Saturday, November 7, 2009
International Internet . . .or not?
Since the dawn of the internet,domain names have been dominated by Latin characters. This has severely restricted internet accessibility to those that are not familiar with and did not know how to convert their domain names into Latin characters. Recently, the Internet Corporation for Assigned Names and Numbers (ICANN) has made a decision to allow domain names to be registered with non-Latin characters. It is generally believed that when Latin characters dominated domain names, that it restricted non-English speakers' access to the internet. Many are hailing ICANN's decision as an internationalization of the internet. Domain names will soon be allowed in Arabic, Chinese and Russian characters. Andrey Vorobiev, the RU-Center public relations department manager, is quoted as saying : "Now that all countries can write their URL addresses in their own languages, this decision is an important step for the internationalization of the Internet. The days have passed when people who don't understand Latin alphabet cannot use the Internet"(Tong, X. 2009). Currently, these changes are affecting local country codes (.ru for Russia), and over time top level domain names (.com, .net, .org) will be affected as well. China and Thailand are beginning to introduce workarounds that will allow people to access websites in their own language (BBC News). I think the main question becomes: how will this affect internet accessibility for webpages in different countries? How will this affect people that do not speak Russian, Chinese, and Arabic, and do not have keyboards with these characters?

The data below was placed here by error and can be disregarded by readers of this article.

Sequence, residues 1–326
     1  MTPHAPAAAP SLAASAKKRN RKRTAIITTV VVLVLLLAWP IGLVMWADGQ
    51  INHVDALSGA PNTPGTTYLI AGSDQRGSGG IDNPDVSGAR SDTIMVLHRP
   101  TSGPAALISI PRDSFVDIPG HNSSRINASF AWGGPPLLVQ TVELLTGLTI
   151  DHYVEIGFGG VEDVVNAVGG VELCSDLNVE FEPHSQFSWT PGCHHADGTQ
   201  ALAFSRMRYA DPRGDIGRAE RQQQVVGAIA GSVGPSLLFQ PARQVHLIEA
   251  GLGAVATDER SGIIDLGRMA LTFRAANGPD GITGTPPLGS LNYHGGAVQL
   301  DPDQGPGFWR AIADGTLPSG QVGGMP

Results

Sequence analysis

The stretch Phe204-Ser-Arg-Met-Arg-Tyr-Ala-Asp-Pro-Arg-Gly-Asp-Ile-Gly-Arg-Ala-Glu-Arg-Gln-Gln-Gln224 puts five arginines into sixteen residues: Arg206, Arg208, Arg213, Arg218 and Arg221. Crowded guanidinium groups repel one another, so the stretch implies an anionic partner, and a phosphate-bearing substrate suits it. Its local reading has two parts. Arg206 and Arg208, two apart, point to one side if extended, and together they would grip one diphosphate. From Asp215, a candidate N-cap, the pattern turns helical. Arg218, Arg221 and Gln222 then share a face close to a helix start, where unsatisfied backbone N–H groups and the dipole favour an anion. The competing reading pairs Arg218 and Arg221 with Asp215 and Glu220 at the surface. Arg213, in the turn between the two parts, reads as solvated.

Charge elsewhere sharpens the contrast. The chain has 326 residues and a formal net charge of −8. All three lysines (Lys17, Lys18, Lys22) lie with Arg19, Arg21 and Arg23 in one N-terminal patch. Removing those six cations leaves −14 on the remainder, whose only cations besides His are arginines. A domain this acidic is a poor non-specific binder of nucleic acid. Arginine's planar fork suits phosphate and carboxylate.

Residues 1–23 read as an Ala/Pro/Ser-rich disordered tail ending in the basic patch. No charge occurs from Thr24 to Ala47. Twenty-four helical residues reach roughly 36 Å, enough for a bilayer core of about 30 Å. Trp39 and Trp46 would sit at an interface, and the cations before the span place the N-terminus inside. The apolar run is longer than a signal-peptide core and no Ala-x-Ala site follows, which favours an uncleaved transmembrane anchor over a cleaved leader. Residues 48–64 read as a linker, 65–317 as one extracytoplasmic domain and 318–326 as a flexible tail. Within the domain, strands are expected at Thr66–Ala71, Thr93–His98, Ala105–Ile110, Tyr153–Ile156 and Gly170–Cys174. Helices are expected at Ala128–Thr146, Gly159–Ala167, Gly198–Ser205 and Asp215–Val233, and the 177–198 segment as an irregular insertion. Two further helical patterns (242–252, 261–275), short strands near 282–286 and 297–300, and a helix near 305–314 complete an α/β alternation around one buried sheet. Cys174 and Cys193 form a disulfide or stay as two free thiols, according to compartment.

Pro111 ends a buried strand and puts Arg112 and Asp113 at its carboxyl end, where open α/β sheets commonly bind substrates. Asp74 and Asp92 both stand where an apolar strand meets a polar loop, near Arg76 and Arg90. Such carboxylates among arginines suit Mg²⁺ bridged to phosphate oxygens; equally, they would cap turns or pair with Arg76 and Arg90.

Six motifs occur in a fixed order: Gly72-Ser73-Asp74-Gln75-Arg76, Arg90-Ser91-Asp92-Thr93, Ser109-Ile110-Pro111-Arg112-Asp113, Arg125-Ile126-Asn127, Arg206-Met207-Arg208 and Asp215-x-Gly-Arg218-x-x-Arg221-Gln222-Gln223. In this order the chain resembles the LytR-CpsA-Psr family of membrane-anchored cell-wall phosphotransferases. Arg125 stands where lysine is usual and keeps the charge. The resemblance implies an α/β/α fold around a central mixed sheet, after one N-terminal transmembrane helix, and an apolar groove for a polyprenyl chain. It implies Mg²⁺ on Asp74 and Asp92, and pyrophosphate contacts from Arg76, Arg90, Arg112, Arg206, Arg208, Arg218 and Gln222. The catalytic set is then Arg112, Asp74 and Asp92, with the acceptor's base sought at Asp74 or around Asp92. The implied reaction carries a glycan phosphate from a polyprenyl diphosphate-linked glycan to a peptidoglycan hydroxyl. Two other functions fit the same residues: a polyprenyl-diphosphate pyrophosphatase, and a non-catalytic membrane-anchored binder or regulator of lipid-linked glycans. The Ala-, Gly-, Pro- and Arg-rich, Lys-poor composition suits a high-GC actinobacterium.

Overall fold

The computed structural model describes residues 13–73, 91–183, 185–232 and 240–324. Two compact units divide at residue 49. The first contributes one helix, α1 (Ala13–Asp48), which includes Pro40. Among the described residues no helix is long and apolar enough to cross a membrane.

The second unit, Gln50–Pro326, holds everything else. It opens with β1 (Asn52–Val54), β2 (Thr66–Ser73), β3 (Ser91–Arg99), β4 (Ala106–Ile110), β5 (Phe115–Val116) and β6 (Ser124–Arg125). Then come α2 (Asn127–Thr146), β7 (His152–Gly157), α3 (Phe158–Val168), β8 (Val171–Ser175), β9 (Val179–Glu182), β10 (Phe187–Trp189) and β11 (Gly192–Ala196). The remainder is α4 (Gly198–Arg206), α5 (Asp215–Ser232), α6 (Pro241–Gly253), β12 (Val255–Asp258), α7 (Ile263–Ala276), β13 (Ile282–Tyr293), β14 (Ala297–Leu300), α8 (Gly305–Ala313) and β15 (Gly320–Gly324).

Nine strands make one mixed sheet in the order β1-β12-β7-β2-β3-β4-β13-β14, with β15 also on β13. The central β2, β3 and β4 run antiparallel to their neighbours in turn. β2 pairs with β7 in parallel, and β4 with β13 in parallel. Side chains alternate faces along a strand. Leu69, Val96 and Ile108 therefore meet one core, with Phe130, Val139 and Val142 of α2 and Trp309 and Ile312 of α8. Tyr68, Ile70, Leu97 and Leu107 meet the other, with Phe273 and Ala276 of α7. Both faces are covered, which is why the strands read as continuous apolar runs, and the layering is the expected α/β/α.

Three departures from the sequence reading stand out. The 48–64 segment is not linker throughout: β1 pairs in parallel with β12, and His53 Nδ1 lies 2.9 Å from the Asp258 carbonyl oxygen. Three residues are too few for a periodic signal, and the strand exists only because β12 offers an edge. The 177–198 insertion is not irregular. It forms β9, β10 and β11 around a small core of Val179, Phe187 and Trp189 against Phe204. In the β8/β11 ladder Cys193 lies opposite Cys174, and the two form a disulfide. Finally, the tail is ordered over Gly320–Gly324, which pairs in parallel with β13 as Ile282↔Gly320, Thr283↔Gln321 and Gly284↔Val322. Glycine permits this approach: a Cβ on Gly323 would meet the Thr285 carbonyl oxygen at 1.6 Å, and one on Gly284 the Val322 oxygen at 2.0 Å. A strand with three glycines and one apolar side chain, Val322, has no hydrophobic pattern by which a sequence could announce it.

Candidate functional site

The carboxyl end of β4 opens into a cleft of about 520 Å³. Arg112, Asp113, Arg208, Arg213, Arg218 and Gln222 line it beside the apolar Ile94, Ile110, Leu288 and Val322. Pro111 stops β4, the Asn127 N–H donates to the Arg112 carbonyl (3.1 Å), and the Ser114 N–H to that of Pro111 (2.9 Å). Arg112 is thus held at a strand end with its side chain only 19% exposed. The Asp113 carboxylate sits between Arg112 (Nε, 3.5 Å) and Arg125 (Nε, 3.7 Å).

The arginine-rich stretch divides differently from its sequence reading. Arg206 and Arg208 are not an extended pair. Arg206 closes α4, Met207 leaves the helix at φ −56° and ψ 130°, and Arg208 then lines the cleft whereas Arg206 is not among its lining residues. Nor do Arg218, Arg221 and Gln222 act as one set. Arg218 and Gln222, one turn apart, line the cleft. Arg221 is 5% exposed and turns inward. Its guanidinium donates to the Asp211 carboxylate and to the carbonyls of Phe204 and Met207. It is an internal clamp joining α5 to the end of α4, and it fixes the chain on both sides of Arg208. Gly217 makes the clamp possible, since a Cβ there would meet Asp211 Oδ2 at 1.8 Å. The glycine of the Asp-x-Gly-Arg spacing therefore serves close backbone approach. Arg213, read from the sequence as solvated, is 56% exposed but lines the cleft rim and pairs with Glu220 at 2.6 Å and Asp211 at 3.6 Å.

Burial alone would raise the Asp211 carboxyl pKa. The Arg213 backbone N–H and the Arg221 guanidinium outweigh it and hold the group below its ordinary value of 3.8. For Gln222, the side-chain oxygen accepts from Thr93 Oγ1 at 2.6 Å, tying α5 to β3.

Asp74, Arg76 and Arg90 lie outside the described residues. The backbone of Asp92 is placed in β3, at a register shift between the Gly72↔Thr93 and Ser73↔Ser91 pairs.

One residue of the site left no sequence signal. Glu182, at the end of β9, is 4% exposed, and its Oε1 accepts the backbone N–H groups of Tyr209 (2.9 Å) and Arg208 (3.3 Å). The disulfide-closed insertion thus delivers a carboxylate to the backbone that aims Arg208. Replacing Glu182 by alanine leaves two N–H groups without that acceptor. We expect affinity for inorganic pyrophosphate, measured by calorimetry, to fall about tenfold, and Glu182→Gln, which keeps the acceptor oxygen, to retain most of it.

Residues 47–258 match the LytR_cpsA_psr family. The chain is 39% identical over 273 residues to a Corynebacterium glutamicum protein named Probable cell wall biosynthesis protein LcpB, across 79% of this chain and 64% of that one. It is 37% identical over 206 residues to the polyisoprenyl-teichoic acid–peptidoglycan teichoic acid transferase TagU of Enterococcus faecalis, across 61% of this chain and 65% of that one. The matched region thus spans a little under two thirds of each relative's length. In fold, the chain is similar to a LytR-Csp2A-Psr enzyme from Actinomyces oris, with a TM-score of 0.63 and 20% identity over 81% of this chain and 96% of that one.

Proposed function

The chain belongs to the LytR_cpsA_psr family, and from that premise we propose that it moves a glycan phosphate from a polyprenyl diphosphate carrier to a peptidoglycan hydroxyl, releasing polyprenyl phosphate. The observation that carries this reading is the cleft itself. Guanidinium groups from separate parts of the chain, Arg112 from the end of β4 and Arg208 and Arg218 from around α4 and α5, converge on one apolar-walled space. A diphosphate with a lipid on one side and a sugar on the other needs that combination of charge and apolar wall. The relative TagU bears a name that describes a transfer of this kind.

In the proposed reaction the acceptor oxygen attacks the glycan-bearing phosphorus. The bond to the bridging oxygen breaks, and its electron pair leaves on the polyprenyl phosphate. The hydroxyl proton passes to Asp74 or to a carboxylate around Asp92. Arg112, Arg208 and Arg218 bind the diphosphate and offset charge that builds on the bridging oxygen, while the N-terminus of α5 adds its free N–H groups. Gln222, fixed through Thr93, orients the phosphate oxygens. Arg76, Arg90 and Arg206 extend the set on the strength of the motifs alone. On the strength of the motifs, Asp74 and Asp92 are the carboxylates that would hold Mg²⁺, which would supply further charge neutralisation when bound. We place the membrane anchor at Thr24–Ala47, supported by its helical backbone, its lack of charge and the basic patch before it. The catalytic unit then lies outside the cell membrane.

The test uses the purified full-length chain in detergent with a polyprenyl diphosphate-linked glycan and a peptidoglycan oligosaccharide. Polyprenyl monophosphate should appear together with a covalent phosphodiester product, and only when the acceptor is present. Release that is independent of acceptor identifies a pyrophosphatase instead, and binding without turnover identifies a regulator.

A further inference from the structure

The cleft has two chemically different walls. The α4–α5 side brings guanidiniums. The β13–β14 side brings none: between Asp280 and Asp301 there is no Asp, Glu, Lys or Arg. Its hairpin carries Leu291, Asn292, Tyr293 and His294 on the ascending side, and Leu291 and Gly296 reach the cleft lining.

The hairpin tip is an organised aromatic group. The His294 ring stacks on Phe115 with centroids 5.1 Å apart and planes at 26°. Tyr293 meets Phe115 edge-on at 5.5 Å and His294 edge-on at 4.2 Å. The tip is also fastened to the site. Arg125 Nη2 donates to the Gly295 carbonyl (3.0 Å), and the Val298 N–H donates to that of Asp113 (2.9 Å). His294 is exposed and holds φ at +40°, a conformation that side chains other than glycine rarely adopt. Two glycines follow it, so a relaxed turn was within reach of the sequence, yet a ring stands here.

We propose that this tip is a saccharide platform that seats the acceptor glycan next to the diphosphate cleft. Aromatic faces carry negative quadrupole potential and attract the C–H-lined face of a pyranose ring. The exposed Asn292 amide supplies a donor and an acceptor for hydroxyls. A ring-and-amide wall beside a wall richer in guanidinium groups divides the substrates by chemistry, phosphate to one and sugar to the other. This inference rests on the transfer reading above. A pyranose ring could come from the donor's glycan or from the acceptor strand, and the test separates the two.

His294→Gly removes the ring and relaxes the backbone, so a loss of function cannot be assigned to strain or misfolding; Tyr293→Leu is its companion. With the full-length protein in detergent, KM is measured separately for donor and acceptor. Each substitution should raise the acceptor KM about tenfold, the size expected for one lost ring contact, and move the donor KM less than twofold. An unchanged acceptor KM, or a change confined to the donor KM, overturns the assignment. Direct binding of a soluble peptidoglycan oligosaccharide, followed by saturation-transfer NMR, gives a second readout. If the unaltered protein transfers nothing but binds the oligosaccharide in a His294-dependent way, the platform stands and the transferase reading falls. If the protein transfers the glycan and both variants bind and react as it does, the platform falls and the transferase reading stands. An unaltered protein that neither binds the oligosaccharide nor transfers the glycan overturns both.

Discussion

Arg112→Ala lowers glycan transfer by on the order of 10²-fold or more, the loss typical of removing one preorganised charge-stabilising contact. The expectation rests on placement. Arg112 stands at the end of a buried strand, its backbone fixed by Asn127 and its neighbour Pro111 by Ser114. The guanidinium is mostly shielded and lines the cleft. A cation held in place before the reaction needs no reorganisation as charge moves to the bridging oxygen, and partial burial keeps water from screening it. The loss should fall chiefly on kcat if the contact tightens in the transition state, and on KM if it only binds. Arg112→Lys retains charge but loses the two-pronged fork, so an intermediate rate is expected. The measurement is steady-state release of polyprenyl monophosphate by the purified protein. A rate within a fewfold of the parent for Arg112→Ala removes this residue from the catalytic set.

I think it is ironic that this change is coming after the US government loosened its control over ICANN a month ago. ICANN was initially developed by the US government as a non-profit corporation to oversee a large variety of Internet related tasks. Last month, ICANN signed an agreement that gives it autonomy and puts it under the scrutiny of the "internet community" (BBC News). It seems interesting that now that ICANN is not dominated by English speakers and is taking the needs of the internet community into account, that it is choosing to make the internet more accessible for non-English speakers.
Internet Addresses Set for Change (2009, October 30). Retrieved November 7, 2009, from http://news.bbc.co.uk
Tong, X. (2009, November 5). Russian expert: Non-Latin character names key to Internet internationalization. Retrieved November 7, 2009, from http://news.xinhuanet.com
Whitney, L. (2009, October 30). ICANN approves non-Latin domain Names. Retrieved November 7, 2009, from http://news.cnet.com